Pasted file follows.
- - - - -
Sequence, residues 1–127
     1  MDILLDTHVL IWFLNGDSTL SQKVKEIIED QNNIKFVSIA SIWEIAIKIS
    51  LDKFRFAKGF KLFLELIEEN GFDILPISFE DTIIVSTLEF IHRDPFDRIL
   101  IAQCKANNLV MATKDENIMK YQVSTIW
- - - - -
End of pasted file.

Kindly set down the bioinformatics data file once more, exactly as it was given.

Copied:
Sequence, residues 1–127
     1  MDILLDTHVL IWFLNGDSTL SQKVKEIIED QNNIKFVSIA SIWEIAIKIS
    51  LDKFRFAKGF KLFLELIEEN GFDILPISFE DTIIVSTLEF IHRDPFDRIL
   101  IAQCKANNLV MATKDENIMK YQVSTIW